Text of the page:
Ron Erickson is a seasoned executive with more than 30 years of experience in the high technology, telecommunications, micro-computer, and digital media industries. Mr. Erickson is also the founder of Visualant, Inc. In addition to his Visualant responsibilities, he also serves as Chairman of eCharge Corporation an Internet-based transaction processing company.
He was formerly Chairman, CEO and Co-Founder of Mobile Media, an entertainment company. Blue Frog Media; Chairman, CEO and Co-founder of GlobalTel Resources; Chairman, Interim President and CEO of Egghead Software, Inc. Additionally, Mr. Erickson has been an angel investor and board member of a number of public and private technology companies. We asked him about his plans for reinventing the technology industry over the next decade.
The name ChromaID conjures up images of tried and true steadfast technology from earlier days, yet it's truly cutting edge. How did you become a trendsetter in bringing the science of spectrophotometry into the palm of your hand?
I have always been interested in new technology and curious about how the world works. The technology behind ChromaID emanated from a conversation about the vanity of human perception. As humans, we typically believe that the color we see with our eyes is the color that exists. In reality, it only exists for us. It is what our brains tell us we see, but other species see other colors and sometimes more vivid colors. From that initial conversation the technology evolved to what it is today.
You say "When people ask me what is the most interesting application of ChromaID, I tell them that the most interesting one is the one I can't even imagine." Where does your imagination see ChromaID heading in the next decade?
Color is nature's fingerprint. Everything in the world has a unique machine readable chromatic or color identifier. With our ChromaID technology we can read that unique identifier. When I say I can't imagine the most interesting application I'm really saying nothing more than my perception is limited by my own personal and unique experience. I think ChromaID technology will, within a decade, be embedded in everyday devices and become a part of our daily lives, enabling us to identify, authenticate, and diagnose a wide range of conditions in our lives.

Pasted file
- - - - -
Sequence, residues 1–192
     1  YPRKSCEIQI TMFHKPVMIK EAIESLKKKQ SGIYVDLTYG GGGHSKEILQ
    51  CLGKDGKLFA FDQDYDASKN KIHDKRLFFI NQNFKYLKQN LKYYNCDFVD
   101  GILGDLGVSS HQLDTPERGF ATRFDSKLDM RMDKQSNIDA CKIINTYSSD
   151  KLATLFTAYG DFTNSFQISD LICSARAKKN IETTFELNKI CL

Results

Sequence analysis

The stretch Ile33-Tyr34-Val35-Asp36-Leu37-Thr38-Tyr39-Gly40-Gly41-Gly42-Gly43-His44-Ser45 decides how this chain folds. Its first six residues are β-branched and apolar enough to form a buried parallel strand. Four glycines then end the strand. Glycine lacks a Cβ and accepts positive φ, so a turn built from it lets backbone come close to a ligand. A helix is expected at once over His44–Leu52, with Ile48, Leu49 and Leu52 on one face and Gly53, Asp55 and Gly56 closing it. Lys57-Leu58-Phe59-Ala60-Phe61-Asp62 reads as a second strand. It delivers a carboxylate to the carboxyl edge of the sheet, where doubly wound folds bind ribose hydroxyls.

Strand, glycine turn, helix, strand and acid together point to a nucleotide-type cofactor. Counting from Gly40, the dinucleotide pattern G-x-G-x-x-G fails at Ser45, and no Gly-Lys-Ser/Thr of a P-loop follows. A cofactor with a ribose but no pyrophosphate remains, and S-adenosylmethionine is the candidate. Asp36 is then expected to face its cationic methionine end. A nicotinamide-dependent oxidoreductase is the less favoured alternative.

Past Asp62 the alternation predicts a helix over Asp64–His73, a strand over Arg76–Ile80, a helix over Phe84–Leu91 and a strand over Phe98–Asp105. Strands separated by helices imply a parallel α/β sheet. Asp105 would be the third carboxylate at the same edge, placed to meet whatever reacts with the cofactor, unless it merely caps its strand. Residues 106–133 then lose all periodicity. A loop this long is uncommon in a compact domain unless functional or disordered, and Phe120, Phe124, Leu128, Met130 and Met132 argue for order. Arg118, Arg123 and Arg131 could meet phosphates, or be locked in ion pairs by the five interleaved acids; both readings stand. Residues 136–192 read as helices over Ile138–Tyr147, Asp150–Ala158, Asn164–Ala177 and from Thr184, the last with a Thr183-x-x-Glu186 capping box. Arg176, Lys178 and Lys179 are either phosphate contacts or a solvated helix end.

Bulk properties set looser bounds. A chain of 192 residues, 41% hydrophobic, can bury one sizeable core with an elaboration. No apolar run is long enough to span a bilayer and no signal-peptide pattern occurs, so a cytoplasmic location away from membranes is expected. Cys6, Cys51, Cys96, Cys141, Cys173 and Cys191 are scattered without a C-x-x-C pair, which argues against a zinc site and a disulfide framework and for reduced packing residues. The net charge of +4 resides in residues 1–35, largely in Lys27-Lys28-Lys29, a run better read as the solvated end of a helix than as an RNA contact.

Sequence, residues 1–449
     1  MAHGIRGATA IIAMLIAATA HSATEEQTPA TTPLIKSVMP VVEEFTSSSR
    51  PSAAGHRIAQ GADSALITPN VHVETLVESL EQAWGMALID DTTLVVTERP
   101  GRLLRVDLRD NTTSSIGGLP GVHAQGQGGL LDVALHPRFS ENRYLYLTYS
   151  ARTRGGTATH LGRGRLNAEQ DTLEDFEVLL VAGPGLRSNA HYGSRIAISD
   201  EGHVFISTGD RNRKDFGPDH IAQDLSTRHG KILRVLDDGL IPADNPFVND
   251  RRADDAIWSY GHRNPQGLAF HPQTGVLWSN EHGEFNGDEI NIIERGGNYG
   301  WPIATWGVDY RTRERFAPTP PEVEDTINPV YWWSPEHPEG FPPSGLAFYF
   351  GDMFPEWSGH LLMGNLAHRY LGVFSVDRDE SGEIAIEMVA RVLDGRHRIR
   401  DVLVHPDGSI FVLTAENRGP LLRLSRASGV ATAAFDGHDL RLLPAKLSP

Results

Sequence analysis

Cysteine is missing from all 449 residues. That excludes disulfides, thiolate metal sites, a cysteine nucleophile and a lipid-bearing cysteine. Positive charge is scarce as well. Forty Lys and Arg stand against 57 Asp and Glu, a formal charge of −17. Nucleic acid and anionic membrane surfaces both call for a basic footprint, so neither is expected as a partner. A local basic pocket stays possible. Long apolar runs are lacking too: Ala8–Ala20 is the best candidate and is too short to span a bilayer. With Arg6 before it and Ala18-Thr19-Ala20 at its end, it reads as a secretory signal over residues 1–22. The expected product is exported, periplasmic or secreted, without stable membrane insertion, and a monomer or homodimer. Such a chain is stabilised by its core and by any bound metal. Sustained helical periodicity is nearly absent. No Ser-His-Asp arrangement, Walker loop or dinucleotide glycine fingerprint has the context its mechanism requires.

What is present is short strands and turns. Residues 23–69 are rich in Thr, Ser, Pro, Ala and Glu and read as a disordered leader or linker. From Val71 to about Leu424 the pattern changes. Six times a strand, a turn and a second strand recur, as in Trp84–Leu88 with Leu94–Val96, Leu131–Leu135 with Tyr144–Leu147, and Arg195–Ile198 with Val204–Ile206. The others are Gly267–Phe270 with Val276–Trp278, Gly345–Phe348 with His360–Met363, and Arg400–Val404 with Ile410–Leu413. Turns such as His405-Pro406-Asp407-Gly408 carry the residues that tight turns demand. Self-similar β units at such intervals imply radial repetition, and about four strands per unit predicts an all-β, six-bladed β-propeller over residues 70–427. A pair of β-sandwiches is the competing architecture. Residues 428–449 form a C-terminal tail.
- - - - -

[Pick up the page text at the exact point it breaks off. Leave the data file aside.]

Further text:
When a new kind of technology is so vast and comprehensive, it can sometimes have difficultly quickly finding practical applications in the marketplace. What kinds of strategies are you implementing for developers and interested parties to have Visualant and ChromaID hit the ground running?
We are about to deliver our Lab Kit which will allow interest parties, consumer product and technology companies and others to play with the technology and develop unique applications for their own particular use case. We feel a bit like Johnny Appleseed, seeding the market with our Lab Kits. I'm sure we'll be surprised at some of the many ideas that result from developers and interested parties playing with our ChromaID Lab Kits.
You've been in the technology sector for over three decades, from your time as Vice Chairman and Director of Egghead Software to several recent smart angel investments. How do you feel the industry has changed the most dramatically within that timespan?
The paramount element has been the ever-accelerating velocity of change or evolution of the technology ecosystem. The life-cycle of technology has compressed. Of course, I have to temper that view with my own perspective. I've been involved with the technology business for over 30 years. Each moment today is a rapidly decreasing portion of my own life.
The most profound change in the business of the technology industry, is in my view, the compression of the channel of distribution. Products are shipped directly from manufacturers to consumers. Many middlemen have gone out of business. People make their own buy decisions and learn to use formerly complex products without the aid of intermediaries or savants.
That compression of the channel of distribution goes hand in hand with technologies' ease of use and portability features. And technology seems to get cooler, more engaging, and more fun to use with each passing day.
In those three decades, what was the biggest surprise of your career?
There have been several. I wouldn't call them surprises so much as epiphanies or "aha moments." I learned with one company that being best doesn't mean you can win the war for consumer attention. First to market can command mind and market-share and can be very difficult to dislodge with the most brilliant and elegant alternative. At another company I learned that a problem solving product and productivity tool had a tough time with consumers who were comfortable with their existing Rube Goldberg solution. Our obvious and better solution fell on deaf ears. At more than one company I learned that venture capitalists are not venturesome risk takers. Seed round angel investors are risk takers. And, unfortunately, the overwhelming majority of venture capitalists have never started or run a business. They are not entrepreneurs.
What's next on your to-do list after Visualant and ChromaID?
I never know what the next thing is until it crosses my path. There will come a time when I can make the time to create an opening for something to appear. I look at that process in a Zen way. When you are open to opportunity then opportunity appears. With Visualant, and whatever comes next I hope to continue to work in modest ways to make a difference in the world.